On its Federal tax returns from incorporation in 1942 through its fiscal year ended June 30, 1953, the petitioner reported amounts retained from earnings on long-term contracts as income in the year the work was performed. Further, petitioner's income tax returns for years prior to and including the fiscal year ended June 30, 1950, were closed on that same basis of accounting.

On its tax return for the fiscal year ended June 30, 1954, the petitioner did not report amounts retained during that year from its earnings on long-term contracts for work performed during the year. The petitioner has never received permission from the Commissioner of Internal Revenue to change its method of reporting income from long-term contracts.

In the statutory notice of deficiency and with respect to the fiscal years ended June 30, 1951, 1952, and 1953, the respondent determined petitioner's tax liability on the basis of including in income the retainage on long-term contracts in the year the work was performed, i.e., the same basis as petitioner reported. With respect to the fiscal year ended June 30, 1954, the respondent increased petitioner's reported gross income by including the amount of $531,208.25 as representing the difference between the $1,066,951.18 retainage at the end of the year over the amount of retainage at the beginning of the year. Respondent determined that such amount of retainage on work performed in that year was properly includible in income of petitioner on the accrual basis. Respondent further determined that petitioner should continue to use the method of reporting which it had consistently used on its books for all years and also on its tax returns for taxable years prior to the fiscal year ended June 30, 1954.

The parties herein are agreed that the above-mentioned amounts of retainage at the end of the fiscal years ended June 30, 1945, to June 30, 1953, inclusive, and $908,489.06 of the amount of retainage at June 30, 1954, were on various contracts as to each of which the entire contract had not been finally accepted at the end of those years, respectively.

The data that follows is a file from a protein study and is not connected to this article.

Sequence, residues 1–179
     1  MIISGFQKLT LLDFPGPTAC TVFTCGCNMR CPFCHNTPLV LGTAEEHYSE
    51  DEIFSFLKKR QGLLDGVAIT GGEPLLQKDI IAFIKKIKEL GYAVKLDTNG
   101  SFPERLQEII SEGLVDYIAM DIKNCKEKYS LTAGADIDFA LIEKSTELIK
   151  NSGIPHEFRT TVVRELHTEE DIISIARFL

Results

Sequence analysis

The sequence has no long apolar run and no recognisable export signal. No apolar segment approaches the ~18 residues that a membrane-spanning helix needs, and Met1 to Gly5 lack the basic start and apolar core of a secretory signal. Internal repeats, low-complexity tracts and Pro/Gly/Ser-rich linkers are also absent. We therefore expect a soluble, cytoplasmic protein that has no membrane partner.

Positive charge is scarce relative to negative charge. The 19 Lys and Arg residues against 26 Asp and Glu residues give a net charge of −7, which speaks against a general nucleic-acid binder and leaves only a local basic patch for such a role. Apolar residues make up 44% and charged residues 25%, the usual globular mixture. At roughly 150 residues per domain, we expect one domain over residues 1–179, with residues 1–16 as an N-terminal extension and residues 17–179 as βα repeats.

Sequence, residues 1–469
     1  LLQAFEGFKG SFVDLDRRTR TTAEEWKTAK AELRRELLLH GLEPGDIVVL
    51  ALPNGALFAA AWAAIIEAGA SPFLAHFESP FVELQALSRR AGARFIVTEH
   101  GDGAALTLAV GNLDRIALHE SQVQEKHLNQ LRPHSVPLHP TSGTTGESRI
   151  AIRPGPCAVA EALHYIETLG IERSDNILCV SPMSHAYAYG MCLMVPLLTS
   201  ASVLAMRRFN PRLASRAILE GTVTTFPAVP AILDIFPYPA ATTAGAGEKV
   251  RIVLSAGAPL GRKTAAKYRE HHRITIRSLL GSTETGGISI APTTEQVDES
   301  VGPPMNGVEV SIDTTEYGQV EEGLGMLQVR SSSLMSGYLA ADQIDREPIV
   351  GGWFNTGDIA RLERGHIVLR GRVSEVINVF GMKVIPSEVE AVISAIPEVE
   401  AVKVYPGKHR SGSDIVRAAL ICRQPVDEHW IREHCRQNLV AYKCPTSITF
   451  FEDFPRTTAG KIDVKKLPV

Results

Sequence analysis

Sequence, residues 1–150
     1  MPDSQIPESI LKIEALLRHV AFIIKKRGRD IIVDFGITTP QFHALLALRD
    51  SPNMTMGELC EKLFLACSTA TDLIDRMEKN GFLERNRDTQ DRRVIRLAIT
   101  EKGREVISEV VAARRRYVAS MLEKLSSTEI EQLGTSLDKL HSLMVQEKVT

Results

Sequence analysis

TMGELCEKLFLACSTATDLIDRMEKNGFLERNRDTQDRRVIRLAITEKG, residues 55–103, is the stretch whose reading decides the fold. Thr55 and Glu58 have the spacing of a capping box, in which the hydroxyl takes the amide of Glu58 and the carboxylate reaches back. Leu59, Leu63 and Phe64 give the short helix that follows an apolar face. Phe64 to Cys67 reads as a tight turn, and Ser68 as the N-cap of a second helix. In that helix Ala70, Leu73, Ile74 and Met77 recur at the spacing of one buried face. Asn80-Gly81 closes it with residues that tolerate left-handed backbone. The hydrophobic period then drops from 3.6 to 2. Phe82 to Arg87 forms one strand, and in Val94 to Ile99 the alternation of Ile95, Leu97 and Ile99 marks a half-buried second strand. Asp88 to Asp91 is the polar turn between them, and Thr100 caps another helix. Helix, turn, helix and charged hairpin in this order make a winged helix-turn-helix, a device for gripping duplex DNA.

The above-mentioned $1,066,951.18 retainage at June 30, 1954, included the amount of $158,462.12 representing retainage withheld by the City of Columbus, Georgia, on a contract between petitioner and that City. Petitioner did not report such $158,462.12 retainage in income on its Federal income tax return for the fiscal year ended June 30, 1954.

Petitioner's contract with the City of Columbus was entered into on June 10, 1953, for the improvement of certain designated streets and called for a contract price of approximately $333,603.85 based on a unit-bid price for estimated quantities of various types of work to be performed and materials to be used pursuant to the plans and specifications. The City reserved the right to increase or decrease the quantities of materials to be used or work to be performed at any time prior to final completion and acceptance of the work covered by the contract. The contract provided for certain retainage by the City out of work-progress payments to petitioner based upon periodic estimates by the city engineer of the amount of work done and the value thereof at the time of the estimate. The contract provided that final payment of entire sum found to be due thereunder would be made after the ‘final estimate is made and approved by the City.’ Such final estimate and approval for payment constituted the City's final acceptance of the work covered by the contract. An amendment to the standard form of the contract with respect to payment further provided that the City was entitled to delay the payment of 50 percent of the contract price for a period of 5 months after completion pending the issuance and sale of certain street improvement bonds and, further, that the beginning of such 5-month period would be ‘the date of final acceptance of the work covered by this contract in its entirety.’

During the petitioner's fiscal year ended June 30, 1954, the city engineer submitted five estimates which were approved for payments in various amounts. The ‘Estimate No. 5’ was submitted on June 7, 1954, and was approved by the city manager on the same date for payment of the sum of $8,116.97 leaving the retained unpaid amount of $158,462.12 which was 50 percent of the total amount due petitioner for work completed to that date. The asphalt surface on the last of the streets covered by the contract was completed on April 20, 1954, and the last work performed by petitioner under the contract (a minimal matter involving the raising of two manhole covers) was done on June 28 and 29, 1954. The ‘Estimate No. 5 & final’ on petitioner's contract was submitted by the city engineer on December 15, 1954, and was approved by the city manager on December 27, 1954, for payment of the sum of $158,462.12 as the final payment of the entire sum found to be due petitioner under its contract with the City of Columbus.